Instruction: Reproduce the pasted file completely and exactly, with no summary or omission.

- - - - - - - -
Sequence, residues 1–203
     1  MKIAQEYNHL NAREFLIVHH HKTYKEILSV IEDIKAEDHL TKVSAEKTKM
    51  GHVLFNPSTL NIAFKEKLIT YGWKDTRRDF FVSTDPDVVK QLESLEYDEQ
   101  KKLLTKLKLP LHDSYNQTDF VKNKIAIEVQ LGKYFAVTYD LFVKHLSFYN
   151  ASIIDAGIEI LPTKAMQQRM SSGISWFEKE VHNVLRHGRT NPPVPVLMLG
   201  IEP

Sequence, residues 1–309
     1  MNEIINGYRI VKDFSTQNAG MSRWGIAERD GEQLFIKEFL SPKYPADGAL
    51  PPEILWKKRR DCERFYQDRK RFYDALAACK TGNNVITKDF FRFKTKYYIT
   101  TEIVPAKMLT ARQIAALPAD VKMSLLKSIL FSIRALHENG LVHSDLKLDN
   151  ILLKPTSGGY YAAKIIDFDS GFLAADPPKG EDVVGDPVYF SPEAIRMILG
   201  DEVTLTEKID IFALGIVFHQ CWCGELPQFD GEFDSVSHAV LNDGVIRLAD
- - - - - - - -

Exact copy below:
Sequence, residues 1–203
     1  MKIAQEYNHL NAREFLIVHH HKTYKEILSV IEDIKAEDHL TKVSAEKTKM
    51  GHVLFNPSTL NIAFKEKLIT YGWKDTRRDF FVSTDPDVVK QLESLEYDEQ
   101  KKLLTKLKLP LHDSYNQTDF VKNKIAIEVQ LGKYFAVTYD LFVKHLSFYN
   151  ASIIDAGIEI LPTKAMQQRM SSGISWFEKE VHNVLRHGRT NPPVPVLMLG
   201  IEP

Sequence, residues 1–309
     1  MNEIINGYRI VKDFSTQNAG MSRWGIAERD GEQLFIKEFL SPKYPADGAL
    51  PPEILWKKRR DCERFYQDRK RFYDALAACK TGNNVITKDF FRFKTKYYIT
   101  TEIVPAKMLT ARQIAALPAD VKMSLLKSIL FSIRALHENG LVHSDLKLDN
   151  ILLKPTSGGY YAAKIIDFDS GFLAADPPKG EDVVGDPVYF SPEAIRMILG
   201  DEVTLTEKID IFALGIVFHQ CWCGELPQFD GEFDSVSHAV LNDGVIRLAD